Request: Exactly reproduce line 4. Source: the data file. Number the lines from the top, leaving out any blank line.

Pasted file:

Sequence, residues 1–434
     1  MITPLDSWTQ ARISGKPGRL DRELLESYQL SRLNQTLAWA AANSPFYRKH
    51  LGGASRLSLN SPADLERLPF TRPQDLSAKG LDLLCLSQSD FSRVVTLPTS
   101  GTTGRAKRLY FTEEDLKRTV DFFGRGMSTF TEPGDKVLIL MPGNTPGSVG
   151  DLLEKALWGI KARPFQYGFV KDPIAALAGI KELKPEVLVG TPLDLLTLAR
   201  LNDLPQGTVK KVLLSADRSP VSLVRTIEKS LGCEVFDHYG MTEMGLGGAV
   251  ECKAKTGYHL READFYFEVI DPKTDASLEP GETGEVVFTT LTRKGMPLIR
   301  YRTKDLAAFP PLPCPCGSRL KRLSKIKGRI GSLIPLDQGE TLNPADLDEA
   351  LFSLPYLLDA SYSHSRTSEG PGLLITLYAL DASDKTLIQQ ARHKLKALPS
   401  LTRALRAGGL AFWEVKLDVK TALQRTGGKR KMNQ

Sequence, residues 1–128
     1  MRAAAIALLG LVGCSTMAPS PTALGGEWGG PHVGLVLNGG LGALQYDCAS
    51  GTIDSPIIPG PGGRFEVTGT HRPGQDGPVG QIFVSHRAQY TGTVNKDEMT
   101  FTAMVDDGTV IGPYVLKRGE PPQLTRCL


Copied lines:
   101  GTTGRAKRLY FTEEDLKRTV DFFGRGMSTF TEPGDKVLIL MPGNTPGSVG